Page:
With the standardization of a kit of modular parts it is possible to supply different types of facilities—large-scale, mega-data centers and edge or mini-data centers—from the same supply chain.  A pre-manufactured set of solutions can thus reduce costs through economy of scale. Traditionally, because of network and site service costs it has been more cost effective to deploy 40 megawatts of capacity in a single location than to build 40 individual 1-megawatt facilities. In a pre-manufactured model that isn’t necessarily the case.  The use of a production-line approach, while at the same time simplifying interconnections through the right modularization of the components, can drive costs down for mini- as well as mega-data center facilities. Of course the fixed costs of site development must be considered, but we are finding that the production-line approach is significantly narrowing the difference in cost per megawatt for mega- and mini-data centers.


We realize that innovation will come from many sources, and so we are partnering with technology leaders in the vendor community, as well as our customers, to help drive and deliver the benefits of this new approach. We believe it is crucially important to develop this technology now due to the many constraints on our environment and economy globally. However, we do not have unlimited resources to drive this alone. Through industry partnership and collaboration we will be able to accelerate the adoption of modular data centers and deliver the benefits of technology, software, and services to more people.


Imagine the possibilities of bringing affordable computing to corners of the world that have no power or IT grid to speak of today. This could be done using modular power plants such as fuel cells and modular data centers in partnership with wireless technology where there is a lack of existing infrastructure (for example). Applications could become virtual in the local modular data center, or the cloud, and the thousands of services and applications it holds could be provided via low-cost devices. Great opportunities like being able to provide a $100 or a lot less laptop (or new access devices not yet invented) per child could then be achieved sooner.  A modular data center could quickly be deployed to support millions of virtual applications and at the same time access the power of the Internet and cloud services for a large population that does not have that opportunity today. Personally, I am very excited about these possibilities and believe I am fortunate to be working on this technology at this time.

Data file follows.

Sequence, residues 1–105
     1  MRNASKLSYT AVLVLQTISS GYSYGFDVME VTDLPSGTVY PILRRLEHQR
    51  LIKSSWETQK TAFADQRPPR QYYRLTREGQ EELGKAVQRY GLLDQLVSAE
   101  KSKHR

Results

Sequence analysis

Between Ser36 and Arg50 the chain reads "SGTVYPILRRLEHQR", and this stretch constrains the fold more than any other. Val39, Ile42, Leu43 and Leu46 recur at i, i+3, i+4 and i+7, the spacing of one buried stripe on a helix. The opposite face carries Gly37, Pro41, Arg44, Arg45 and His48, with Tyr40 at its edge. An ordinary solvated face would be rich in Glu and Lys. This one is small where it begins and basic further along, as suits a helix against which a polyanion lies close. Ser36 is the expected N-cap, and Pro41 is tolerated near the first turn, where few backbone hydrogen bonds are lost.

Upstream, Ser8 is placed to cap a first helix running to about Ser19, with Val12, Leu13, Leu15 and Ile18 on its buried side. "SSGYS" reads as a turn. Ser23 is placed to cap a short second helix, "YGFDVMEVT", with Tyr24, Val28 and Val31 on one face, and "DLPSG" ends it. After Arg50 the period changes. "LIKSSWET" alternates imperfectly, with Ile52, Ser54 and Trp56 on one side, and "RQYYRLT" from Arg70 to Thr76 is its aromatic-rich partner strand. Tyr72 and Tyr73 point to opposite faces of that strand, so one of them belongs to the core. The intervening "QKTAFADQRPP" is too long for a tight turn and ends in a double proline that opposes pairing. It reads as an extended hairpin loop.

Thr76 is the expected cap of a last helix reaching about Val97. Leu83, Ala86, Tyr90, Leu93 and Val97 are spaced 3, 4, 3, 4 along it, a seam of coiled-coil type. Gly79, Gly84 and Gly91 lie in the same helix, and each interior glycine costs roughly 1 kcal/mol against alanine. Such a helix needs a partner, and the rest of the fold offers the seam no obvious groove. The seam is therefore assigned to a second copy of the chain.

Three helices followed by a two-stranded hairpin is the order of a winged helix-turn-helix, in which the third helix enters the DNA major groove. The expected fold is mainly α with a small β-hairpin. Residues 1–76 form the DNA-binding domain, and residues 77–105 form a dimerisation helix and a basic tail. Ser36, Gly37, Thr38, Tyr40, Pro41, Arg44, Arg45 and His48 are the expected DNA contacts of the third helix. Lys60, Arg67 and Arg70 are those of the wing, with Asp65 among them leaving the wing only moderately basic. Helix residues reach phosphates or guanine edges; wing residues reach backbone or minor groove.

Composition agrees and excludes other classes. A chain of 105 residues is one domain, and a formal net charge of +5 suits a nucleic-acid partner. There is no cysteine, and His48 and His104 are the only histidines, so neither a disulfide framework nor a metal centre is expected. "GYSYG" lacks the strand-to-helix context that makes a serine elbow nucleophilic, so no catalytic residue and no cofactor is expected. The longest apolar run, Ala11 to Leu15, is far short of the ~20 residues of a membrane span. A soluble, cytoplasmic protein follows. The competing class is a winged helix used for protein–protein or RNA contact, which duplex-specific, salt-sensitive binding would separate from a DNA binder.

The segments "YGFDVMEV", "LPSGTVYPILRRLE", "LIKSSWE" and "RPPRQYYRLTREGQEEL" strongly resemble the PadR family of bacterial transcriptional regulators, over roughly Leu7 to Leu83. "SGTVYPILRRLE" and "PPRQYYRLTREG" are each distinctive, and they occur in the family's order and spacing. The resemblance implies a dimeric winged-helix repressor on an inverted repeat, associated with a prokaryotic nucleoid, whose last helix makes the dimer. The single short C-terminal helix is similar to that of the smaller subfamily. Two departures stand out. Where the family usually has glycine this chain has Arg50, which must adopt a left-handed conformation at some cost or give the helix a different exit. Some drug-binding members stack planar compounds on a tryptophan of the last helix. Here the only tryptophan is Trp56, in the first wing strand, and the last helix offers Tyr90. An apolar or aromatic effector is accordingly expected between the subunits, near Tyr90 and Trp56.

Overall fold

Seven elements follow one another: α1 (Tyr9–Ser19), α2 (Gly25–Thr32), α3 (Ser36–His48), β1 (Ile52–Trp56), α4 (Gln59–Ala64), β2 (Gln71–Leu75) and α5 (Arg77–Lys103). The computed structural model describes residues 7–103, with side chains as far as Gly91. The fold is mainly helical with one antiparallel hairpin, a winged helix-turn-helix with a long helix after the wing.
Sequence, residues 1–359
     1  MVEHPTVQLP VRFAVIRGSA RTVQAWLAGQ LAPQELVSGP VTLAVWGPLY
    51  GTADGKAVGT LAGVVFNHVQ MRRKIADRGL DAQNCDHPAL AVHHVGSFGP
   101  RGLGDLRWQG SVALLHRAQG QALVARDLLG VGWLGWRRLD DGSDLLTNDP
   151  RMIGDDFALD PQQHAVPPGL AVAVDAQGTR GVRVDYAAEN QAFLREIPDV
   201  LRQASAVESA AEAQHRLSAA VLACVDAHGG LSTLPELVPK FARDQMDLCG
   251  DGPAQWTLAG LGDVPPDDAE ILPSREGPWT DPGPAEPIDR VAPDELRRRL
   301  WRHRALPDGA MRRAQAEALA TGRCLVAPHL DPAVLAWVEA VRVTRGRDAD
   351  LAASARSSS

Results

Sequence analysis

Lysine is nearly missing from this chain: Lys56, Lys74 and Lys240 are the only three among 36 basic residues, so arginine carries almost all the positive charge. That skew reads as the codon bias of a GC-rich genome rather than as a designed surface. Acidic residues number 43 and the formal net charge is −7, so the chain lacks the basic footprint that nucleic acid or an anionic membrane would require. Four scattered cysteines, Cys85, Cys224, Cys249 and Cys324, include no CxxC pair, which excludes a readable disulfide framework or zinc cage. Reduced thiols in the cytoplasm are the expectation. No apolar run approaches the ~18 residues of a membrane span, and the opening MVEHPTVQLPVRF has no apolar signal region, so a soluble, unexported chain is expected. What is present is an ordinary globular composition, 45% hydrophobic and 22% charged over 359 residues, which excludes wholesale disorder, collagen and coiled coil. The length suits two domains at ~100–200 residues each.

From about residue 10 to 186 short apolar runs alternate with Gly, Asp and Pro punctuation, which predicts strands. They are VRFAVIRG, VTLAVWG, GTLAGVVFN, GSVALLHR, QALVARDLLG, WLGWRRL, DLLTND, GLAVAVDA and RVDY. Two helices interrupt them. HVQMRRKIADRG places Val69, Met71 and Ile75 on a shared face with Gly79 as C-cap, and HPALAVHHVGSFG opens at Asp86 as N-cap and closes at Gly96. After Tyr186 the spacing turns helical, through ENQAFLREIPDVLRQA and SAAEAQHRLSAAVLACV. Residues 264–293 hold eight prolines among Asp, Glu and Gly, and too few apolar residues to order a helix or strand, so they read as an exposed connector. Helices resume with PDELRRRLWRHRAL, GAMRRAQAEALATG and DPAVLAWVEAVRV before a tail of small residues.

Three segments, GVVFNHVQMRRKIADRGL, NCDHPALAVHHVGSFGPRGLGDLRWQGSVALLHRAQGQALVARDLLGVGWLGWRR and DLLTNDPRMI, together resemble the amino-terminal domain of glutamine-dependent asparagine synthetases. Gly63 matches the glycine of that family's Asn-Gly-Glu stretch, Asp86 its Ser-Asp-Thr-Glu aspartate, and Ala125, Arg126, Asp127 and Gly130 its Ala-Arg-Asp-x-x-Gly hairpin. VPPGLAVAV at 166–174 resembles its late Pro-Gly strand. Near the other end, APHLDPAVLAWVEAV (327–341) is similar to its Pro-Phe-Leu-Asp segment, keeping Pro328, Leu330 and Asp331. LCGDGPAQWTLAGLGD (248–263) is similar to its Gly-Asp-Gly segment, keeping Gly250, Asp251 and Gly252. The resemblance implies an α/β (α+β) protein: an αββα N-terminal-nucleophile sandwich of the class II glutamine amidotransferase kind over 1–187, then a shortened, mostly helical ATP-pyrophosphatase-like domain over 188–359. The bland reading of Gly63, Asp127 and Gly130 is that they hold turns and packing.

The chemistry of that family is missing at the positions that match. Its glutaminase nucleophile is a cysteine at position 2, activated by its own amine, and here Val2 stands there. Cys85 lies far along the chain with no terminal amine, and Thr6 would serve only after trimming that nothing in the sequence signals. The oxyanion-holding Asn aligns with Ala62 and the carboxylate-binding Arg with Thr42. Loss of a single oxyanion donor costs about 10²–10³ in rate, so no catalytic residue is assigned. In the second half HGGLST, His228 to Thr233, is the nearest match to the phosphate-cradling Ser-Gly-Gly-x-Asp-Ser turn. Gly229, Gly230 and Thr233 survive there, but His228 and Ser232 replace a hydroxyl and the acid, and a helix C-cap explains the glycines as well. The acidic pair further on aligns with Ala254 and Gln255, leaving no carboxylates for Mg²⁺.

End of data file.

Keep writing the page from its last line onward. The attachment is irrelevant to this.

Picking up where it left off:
We look forward to continued collaboration with our industry participants.


You can read part 1 of this 2 part series in my earlier blog on April 29, 2009


You can watch the Generation 4 video at this web site link




Daniel Costello, director of Data Center Services 

Global Foundation Services


Daniel Costello is the director for Data Center Services at Microsoft, responsible for data center research and engineering, standards and technologies, data center technology roadmap, Generation 4 data center engineering, data center automation and integration with IT hardware, operating systems and applications.  Daniel works closely with Microsoft Research on proof of concepts in support of the data center of the future and manages a team of facility engineers and service architects.  

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  1. Anonymous says: